More times than I want to admit.

I forced Baby Michael to eat after 48 hours because I knew there is a danger he might be taken ill if he continued to do so. I also wanted him to learn that disobedience will not take him anywhere, and that experimenting is a good thing, but if it might endanger him, Mommy will step in and take charge. I guess God forced me to “eat”, or do something I don’t want to do, or experience something I don’t like, or take charge of my life when I want ME to take charge, also has the same reason. Bottom line is, He knows better than me, He wants the best for me, and He wants to keep me out of bigger trouble. It’s just, more often than not, I don’t want to admit it. I feel like I know better, I know what’s best for me, and I’m a big girl who knows how to stay out of trouble. Sounds familiar?

So, next time I have that urge to rebel and yell at God, “Why are YOU doing this to me?!”, I’ll try to remember parenthood, I’ll try to remember that no matter how old, grown up or capable I am, I am still a child of God, and I’ll try to remember this verse that He gave as His love letter:

“For I know well the plans I have in mind for you, says the LORD,
plans for your welfare, not for woe! plans to give you a future full of hope.”

(Jeremiah 29:11)

By the way, if you are a mother, have you ever felt like the baddest, the worst mother in world? Please share in the comments! I would love to hear from other mothers!
 Son, I love you and I'd rather you hate me now and thank me later for doing what's best for you - no matter how not nice that'll make me look -, than spolling you now and not building the strong character that will serve you well for the rest of your life.

If you love me back, it will make me happy, and I love you.
If you don't, it will break my heart, but I still love you.

working mom

I love the detailing and accessories on this outfit. I especially love the necklace and the bracelet. Just take a look of this snapshot here, of the green tree, the little woman on a scooter. So cute!

The bracelet with multicolor stones is a darling thing Mom brought me from her latest trip to China. While the mint star bracelet, a coworker brought me from Hong Kong. I love them both.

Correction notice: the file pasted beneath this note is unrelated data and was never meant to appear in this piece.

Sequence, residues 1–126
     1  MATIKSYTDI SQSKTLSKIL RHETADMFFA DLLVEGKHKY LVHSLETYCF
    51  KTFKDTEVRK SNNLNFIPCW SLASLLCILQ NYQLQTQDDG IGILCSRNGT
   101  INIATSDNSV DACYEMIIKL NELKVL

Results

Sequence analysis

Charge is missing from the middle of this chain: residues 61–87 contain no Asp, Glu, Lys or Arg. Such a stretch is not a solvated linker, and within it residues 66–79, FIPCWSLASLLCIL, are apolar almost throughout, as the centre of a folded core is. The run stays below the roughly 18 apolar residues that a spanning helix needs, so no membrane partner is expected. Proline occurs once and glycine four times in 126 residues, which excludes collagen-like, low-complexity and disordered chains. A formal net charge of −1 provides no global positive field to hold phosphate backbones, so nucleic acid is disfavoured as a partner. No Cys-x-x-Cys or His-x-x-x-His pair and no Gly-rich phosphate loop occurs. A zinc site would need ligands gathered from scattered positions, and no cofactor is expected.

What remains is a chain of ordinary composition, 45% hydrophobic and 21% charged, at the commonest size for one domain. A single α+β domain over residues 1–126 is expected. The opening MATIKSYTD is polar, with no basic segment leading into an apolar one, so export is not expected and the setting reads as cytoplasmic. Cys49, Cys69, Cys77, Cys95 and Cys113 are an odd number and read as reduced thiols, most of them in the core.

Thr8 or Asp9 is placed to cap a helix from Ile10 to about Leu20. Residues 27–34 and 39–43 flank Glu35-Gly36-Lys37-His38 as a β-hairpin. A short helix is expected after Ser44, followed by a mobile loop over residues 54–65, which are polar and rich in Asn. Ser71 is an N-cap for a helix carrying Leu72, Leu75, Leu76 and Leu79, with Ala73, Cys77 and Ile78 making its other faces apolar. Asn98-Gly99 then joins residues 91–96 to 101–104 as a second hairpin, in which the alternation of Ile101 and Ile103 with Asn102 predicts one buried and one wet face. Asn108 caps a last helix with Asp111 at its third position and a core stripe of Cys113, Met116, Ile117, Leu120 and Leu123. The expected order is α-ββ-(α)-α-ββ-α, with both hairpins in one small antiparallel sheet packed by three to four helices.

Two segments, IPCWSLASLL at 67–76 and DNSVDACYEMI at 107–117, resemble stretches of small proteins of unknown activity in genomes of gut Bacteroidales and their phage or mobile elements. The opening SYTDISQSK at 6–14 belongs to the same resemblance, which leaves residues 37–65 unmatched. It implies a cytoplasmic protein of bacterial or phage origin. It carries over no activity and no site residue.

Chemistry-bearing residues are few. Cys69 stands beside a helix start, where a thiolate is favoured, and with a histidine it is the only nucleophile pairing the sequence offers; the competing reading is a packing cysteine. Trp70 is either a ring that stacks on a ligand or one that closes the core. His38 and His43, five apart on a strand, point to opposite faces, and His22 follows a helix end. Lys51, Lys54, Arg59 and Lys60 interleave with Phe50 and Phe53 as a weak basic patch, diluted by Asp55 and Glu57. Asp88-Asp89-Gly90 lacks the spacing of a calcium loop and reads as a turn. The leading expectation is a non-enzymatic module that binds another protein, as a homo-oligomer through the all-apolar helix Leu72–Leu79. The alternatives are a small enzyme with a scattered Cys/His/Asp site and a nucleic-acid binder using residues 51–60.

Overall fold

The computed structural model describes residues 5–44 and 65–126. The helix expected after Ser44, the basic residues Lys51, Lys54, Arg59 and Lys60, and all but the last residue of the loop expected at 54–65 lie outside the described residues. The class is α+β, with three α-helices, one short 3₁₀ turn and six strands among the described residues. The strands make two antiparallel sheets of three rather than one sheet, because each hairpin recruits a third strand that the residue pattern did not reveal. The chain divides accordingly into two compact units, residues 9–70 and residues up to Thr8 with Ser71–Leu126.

I'm linking up to these wonderful Ladies:




Beauty Fashion Skin Care Blog - Girlie Blog Seattle said...

What a fantastic story! I really enjoyed reading it - as well as the genius way you relate to how we react to God and his ways. Oh, I don't think I've told you this, but CONGRATS! Baby Michael is adorable. Also, you look great. Still got that new mommy glow.
Beauty Fashion Skin Care Blog -Girlie Blog Seattle | Casual Chic Style

Carylee said...

Love the motivation in your post -thank you so much for sharing, and sorry you had to go through that. Your outfit is so fun and springy - thank you for linking it up with Manic Monday! Carylee |

Ann K said...

Hi, LeeAnne. I agree with you that until we become parents, it is more difficult to understand the kind of love that God has for us! I think of how much patience He must have to put up with all of our tantrums! Thanks for sharing your story. Your outfit is very pretty, too! I love the colorful and creative jewelry! (Your son is adorable, too!)
Blessings to you,
Ann @ Christ in the Clouds

Mystery Case said...

Gorgeous outfit and gorgeous story.
Thanks for sharing.

Redcliffe Style said...

That necklace is so cute! I discovered you via the gorgeous Kimba Likes link up. Rachel x

Kim-Marie from Kimba Likes said...

Thank you for joining me for Wardrobe Wednesday. Bit of a fan of green and pink together.


Hazel Moon said...

You did the right thing. If your child is sick, he might not want to eat and only drink water, but if he appears fine - he must at least eat a portion of his food. You did good.
Our dreams sometimes fly out the window but God gives us new dreams! Thank you for your entry at “Tell Me a Story.” I have been off line due to computer failure and virus problems, but my husband gave me a different computer so I am back on line – just lost a bunch of stuff including my e-mail addresses..
Please return Monday around 5:00PM PST when the new week will be open for your story at:

Pam @ over50feeling40 said...

Sounds like you are a great mom...he is a cutie! Also, I like your accessories!

kileen valenzuela said...

being a parent definitely presents its share of obstacles! best of luck with your son. I love all the fun colors of your outfit!

cute & little

Mummy's Got Style said...

Thanks for linking up to #fashionfriday, you have to follow your gut as a parent as you did. Love all your accessories.

Penniless Socialite said...

That necklace is so cute! hanks for linking up for Look What I Got last week.  Hope to see you back tomorrow!
Penniless Socialite
$30 J. Crew Giveaway!